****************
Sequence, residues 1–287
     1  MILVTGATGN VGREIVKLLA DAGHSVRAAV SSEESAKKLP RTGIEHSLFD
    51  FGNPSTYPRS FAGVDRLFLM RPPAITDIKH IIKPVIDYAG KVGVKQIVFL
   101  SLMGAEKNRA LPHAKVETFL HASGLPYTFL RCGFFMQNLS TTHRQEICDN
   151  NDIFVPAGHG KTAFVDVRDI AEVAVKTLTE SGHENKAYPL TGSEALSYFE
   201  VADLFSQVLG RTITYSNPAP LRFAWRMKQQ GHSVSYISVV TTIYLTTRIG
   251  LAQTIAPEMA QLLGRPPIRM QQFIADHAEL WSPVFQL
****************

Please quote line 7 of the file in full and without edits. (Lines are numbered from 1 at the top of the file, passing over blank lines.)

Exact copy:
   251  LAQTIAPEMA QLLGRPPIRM QQFIADHAEL WSPVFQL